Anyway, the reason I love Elephant is the very loose narrative construction. The long tracking shots really put you in the mind of the characters, you get to know the people by the way they walk through the halls and how they interact with those around them. Seeing Michelle awkwardly run down the hall, ducking out of the way of Eli and Jon tells you everything you need to know about who she is and how she feels. It's also interesting how Van Sant plays with time. In a number of cases, we'll see the same event multiple times, from different perspectives. This is most notably used early in the film, when we see Eric and Alex wearing camo and carrying a bag into the school, but it's not followed up on. Later, we see Eric and Alex's story, and they eventually end up at the school carrying that bag, and we see what follows. So, Van Sant creates suspense by having us wonder, are these the people who shoot up the school, when's it going to happen? By the time we reach that moment again, we understand what they're planning to do, and this previously mysterious, but innocuous moment becomes the harbinger of death.

From a technical point of view, the long takes in this film are amazing. I'm a huge fan of the long take, because it really does put you in the world of the film and the mind of the characters. It's used to astonishing effect in Irreversible, where the long take can be used to both show the hellish confines of the Rectum, and the beautiful tender moments shared between Alex and Marcus. What the long take does is show you the moments that a film normally skips over. You get a better sense of environment and a deeper understanding of how a character conducts themselves in everyday life. In this film, almost every shot is a long take, and there's no shot/reverse shot used at all. The challenge is using the long take is to keep things interesting for the audience, and Van Sant pulls it off.

The film ends with violence, as Eric and Alex decide to shoot the students at the school. Even though I knew going in that this would happen, it seems jarring when it finally does, in the great shot of Michelle's blood hitting the bookcase. That's a testament to the filmmaking skill, despite the fact that we're waiting the entire movie to see this violence, it becomes almost unneccesary because the simple act of watching an ordinary day has become enough for the movie.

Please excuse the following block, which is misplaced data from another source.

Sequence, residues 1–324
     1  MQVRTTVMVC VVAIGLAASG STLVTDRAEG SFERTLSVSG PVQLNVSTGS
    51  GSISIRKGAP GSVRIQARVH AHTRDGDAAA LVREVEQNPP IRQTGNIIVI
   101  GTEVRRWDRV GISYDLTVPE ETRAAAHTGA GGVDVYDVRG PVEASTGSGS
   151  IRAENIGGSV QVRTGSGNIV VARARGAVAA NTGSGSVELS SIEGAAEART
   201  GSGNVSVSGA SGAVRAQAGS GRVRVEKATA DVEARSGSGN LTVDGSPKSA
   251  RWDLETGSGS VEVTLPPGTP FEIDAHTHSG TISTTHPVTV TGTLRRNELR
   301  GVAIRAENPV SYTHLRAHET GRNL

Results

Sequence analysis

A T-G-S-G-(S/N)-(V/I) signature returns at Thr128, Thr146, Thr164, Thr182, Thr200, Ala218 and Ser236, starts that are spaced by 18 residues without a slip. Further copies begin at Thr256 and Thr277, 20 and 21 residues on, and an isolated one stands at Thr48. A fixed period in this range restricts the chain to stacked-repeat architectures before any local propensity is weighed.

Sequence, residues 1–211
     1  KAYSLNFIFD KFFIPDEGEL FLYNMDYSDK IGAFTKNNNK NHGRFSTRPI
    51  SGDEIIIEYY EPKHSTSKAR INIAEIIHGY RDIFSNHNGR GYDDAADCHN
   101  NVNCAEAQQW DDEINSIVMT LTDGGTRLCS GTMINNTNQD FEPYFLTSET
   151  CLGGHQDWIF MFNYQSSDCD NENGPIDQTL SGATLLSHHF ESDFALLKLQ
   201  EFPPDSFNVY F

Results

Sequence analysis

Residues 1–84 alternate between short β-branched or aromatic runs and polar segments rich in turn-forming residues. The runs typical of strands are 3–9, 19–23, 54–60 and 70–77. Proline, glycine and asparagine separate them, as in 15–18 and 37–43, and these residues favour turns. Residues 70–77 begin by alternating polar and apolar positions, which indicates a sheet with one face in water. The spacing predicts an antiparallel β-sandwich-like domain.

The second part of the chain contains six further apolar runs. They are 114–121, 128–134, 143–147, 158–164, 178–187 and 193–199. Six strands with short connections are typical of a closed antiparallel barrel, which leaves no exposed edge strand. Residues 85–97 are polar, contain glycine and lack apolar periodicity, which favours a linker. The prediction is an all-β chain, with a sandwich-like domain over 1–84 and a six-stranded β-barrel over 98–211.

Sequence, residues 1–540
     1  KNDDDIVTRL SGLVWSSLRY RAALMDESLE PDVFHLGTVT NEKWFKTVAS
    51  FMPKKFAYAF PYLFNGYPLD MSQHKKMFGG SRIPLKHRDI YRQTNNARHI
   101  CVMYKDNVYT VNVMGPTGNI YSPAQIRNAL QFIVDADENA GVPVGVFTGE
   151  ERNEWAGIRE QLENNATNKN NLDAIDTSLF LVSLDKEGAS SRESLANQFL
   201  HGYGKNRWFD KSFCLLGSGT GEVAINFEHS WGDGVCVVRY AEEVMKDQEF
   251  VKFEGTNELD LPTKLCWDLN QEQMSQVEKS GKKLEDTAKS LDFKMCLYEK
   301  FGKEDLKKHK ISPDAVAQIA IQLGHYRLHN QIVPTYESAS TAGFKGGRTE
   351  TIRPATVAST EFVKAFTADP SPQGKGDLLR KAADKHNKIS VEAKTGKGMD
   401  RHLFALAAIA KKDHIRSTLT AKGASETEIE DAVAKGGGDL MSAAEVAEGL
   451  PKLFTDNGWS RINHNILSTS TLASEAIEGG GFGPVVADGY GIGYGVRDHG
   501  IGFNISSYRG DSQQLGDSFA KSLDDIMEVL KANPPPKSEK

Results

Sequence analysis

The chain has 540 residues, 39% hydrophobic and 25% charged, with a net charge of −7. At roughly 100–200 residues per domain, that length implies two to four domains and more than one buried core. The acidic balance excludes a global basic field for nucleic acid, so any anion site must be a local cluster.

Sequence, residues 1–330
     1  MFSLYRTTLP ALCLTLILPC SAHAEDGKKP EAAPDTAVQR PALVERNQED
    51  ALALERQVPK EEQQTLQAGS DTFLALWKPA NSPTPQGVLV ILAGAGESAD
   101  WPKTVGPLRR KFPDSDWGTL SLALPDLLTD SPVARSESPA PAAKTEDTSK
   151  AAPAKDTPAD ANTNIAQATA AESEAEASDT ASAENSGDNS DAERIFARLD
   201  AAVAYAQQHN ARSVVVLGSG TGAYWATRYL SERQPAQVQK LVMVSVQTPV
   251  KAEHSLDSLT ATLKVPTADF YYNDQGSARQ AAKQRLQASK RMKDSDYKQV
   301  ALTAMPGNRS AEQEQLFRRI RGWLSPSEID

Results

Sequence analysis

Still, the way in which the violence is depicted makes the school shooting essential to the film. Most movies, even ones that are making a statement against violence, present it in a way that it's viscerally exciting. Going back to Irreversible, the fire extinguisher sequence is not advocating for violence, but at the same time, there's clearly a certain joy taken in depicting the violence and we can enjoy it at the same time as we're being disgusted by it. Elephant presents violence as cold and real. Characters are gunned down, not to the sounds of Adiago for Strings, or in graphic slow motion, they're just shot and they fall to the ground, a completely ordinary event.

At the end, there's a great sequence where we see one student standing amidst the destruction, we follow him, leading us to believe that he's going to perhaps stop the violence, and try to be a hero, instead we follow him until he finds Eric, at which point he stops and is killed. It's messing with our expectations in a really interesting way.

The film's final moments provide no real resolution, we can assume that Alex will kill Carrie and Nathan, and then kill himself, but we're not really sure. Either way, I like the fact that the film ends not with any reassuring aftermath, instead it's just the reality of the event itself and we're left to fill in the blanks on what will happen next. You could criticize the film for not giving you a resolution, or closure, but the whole point is to show the reality of this event, not the blown up version the media will concoct after, as they struggle to figure out what could drive 'normal' kids to commit this act of violence.

The film flirts with some of the suggested reason for the Columbine shooting, with the Hitler TV segment and the first person shooter, but in the end, there's no real culprit other than the oppressive world of high school itself. All these characters hurt as they move through a social bubble, and it's the feeling that there's nothing outside that ultimately leads them to conclude that by killing their fellow students, they can destroy the world that has made their lives so hellish.

Are there flaws with this film? I thought the scene where the girls throw up their lunch felt a little unrealistic. Maybe this does happen and I just missed it, but it seemed to belong more in a film than in real life, unlike the rest of the piece, which was very realistic. I think Van Sant could have shown the pressure to keep a certain body image without resorting to the melodramatic vomiting. Also, the shower scene felt a bit off, but I don't think it really harmed the film.

On the whole, this is top notch filmmaking. It's like no other movie I've ever seen, perfectly capturing the real dynamics of high school and giving us a window into many lives. The film felt real, and the depiction of violence was one of the most realistic depictions I've ever seen. It's clearly not for everyone, but I love what Van Sant does with the medium, and I can't wait to see Last Days.

2 comments: said...

Quite helpful piece of writing, thank you for this article.

Department of English said...

I watched 'elephant' and just felt that its a great film as it gives new language to the art of making films. After reading your article got reassured of why I liked the film.You are very articulate. Your analysis of long and tracking shots and multiple perspectives in interesting.